Sad figures about how many read the license terms

Privacy

Do you remember our stunt in London where we offered free WiFi against getting your firstborn child? No, we have not collected any kids yet. But it sure was a nice demonstration of how careless we have become with user terms of software and service. It has been said that “Yes, I have read then license agreement” is the world’s biggest lie. Spot on!

This was proven once again by a recent case where a Chrome extension was dragged into the spotlight accused of spying on users. Let’s first check the background. The “Webpage Screenshot” extension, which has been pulled from the Chrome Web Store, enabled users to conveniently take screenshots of web page content. It was a very popular extension with over 1,2 million users and tons of good reviews. But the problem is that the vendor seemed to get revenues by uploading user behavior, mainly visited web links, and monetizing on that data. The data upload was not very visible in the description, but the extension’s privacy policy did mention it. So the extension seemed to be acting according to what had been documented in the policy.

Some people were upset and felt that they had been spied on. They installed the extension and had no clue that a screenshot utility would upload behavior data. And I can certainly understand why. But on the other hand, they did approve the user terms and conditions when installing. So they have technically given their approval to the data collection.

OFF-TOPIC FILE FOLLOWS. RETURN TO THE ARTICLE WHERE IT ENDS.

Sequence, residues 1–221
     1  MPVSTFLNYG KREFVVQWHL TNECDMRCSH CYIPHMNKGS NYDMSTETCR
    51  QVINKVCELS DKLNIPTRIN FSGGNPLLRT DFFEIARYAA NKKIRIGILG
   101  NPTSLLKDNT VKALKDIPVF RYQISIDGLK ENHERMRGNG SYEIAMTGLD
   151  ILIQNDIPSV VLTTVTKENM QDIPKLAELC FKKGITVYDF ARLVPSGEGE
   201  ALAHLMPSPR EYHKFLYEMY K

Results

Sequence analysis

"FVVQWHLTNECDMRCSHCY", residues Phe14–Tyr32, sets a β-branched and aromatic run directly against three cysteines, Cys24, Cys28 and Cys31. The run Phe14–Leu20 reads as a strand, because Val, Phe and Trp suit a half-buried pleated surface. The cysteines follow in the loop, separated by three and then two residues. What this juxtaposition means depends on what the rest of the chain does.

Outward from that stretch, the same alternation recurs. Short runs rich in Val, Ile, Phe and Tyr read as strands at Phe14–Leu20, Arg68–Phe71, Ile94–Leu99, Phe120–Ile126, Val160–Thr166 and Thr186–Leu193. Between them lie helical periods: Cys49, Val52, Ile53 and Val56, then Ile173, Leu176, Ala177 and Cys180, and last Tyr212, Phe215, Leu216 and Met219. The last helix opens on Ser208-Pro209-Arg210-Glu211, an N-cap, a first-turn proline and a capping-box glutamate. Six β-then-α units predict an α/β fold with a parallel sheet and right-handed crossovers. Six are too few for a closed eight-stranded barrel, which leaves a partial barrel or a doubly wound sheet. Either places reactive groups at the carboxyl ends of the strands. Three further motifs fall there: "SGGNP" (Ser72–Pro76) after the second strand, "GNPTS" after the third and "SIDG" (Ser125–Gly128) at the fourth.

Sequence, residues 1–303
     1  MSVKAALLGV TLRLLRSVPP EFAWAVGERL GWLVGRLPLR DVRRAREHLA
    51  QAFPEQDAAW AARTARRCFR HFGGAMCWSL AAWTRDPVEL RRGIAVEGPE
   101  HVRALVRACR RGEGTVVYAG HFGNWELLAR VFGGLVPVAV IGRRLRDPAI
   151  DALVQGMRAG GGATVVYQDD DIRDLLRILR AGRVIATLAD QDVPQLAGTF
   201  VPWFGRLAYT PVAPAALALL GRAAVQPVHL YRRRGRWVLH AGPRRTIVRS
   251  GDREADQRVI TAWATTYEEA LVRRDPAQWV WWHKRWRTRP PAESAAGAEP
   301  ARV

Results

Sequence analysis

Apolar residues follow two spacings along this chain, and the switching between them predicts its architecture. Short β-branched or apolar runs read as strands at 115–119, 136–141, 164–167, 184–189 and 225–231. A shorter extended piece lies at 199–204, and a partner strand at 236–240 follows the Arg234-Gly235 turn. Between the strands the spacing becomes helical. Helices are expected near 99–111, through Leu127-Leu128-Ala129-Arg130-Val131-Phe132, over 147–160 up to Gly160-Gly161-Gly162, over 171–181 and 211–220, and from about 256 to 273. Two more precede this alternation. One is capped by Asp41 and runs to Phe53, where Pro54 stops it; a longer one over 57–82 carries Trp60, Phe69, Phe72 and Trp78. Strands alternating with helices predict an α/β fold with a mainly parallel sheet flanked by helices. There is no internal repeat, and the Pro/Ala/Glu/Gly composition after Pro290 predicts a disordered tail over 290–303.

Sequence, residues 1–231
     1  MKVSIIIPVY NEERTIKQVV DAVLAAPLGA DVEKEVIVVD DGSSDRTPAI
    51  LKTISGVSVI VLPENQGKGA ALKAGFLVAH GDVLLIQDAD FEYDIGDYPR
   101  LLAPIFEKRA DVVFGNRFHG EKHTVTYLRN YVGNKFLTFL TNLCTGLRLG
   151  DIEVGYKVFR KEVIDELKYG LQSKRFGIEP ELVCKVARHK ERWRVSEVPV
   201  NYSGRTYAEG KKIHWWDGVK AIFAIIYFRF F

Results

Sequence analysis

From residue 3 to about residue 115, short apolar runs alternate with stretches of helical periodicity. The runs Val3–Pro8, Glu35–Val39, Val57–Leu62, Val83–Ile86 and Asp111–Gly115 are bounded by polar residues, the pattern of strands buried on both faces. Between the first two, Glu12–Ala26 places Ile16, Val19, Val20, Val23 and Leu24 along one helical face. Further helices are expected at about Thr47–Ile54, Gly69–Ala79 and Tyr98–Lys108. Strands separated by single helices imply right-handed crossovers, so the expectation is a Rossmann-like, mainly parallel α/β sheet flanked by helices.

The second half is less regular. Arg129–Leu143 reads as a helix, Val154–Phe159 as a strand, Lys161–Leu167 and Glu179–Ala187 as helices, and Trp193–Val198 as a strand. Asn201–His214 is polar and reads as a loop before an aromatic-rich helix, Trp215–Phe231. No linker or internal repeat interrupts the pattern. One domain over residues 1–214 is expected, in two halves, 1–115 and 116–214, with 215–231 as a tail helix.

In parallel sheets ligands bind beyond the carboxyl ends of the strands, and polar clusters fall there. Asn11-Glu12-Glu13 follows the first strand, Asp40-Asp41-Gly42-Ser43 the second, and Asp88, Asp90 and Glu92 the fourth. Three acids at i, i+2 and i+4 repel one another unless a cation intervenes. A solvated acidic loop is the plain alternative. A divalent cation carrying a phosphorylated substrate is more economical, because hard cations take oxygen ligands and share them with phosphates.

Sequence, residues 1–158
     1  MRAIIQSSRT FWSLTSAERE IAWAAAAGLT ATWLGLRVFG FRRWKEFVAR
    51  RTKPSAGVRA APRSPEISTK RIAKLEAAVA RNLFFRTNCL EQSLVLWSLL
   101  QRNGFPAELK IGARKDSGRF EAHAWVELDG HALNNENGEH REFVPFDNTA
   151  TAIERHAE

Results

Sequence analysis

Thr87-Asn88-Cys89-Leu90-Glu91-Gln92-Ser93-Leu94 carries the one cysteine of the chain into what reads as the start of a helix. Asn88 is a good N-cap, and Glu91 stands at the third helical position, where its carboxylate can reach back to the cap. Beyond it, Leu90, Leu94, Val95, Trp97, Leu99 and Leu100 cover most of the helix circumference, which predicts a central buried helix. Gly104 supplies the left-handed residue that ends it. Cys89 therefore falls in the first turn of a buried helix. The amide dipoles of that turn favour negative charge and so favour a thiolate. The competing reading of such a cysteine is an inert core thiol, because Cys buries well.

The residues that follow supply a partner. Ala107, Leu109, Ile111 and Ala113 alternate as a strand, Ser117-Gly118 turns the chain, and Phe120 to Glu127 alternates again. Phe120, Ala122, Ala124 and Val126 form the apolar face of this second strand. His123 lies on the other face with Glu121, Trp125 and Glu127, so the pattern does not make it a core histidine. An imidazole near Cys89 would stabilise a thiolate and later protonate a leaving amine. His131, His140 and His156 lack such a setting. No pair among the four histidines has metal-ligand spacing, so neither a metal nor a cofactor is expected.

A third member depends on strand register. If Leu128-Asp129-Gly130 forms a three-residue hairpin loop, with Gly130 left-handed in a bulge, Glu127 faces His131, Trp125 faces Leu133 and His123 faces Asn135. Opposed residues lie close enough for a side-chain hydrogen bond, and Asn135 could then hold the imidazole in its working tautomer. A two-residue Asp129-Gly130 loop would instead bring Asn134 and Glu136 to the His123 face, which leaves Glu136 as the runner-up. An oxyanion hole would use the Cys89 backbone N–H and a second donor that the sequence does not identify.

Did the Webpage Screenshot users know what they signed up for? Let’s find out. It had 1 224 811 users when I collected this data. The question is how many of them had read the terms. You can pause here and think about it if you want to guess. The right answer follows below.

 

webpage screenshot
Trying to access Webpage Screenshot gave an error in Chrome Web Store on April 7th 2015.

 

The privacy policy was provided as a shortened URL which makes it possible to check its statistics. The link had been opened 146 times during the whole lifetime of the extension, slightly less than a year. Yes, only 146 times for over 1,2 million users! This means that only 0,012 % clicked the link! And the number of users who read all the way down to the data collection paragraph is even smaller. At least 99,988 % installed without reading the terms.

So these figures support the claim that “I have read the terms” is the biggest lie. But they also show that “nobody reads the terms” is slightly incorrect.

 

Safe surfing,
Micke

 

PS. Does F-Secure block this kind of programs? Typically no. They are usually not technically harmful, the user has installed them deliberately and we can’t really know what the user expects them to do. Or not to do. So this is not really a malware problem, it’s a fundamental problem in the business models of Internet.

 

Images: Screenshots from the Webpage Screenshot homepage and Chrome Web Store

 

 

3 Comments

Yes yes I think about this every time I click to accept after only skimming and not really understanding it all either. A list of click boxes would perhaps be more preferable. I know its a legal thing but its as though companies don’t want you to understand it really or they would make it more user friendly.

This sympathetic attitude towards long click through agreements and responsibility shifting to consumers seems like an odd position to take. Would the world really be a better place if consumers spent hours every day studying click through agreements and privacy policies? Most consumers aren’t totally unequipped for the legalese due to lack of background or language skills.
I find it very hard to understand this pro-click trough attitude.

The right way for society to handle this is to stop pretending these are enforceable and have safe privacy legislation.

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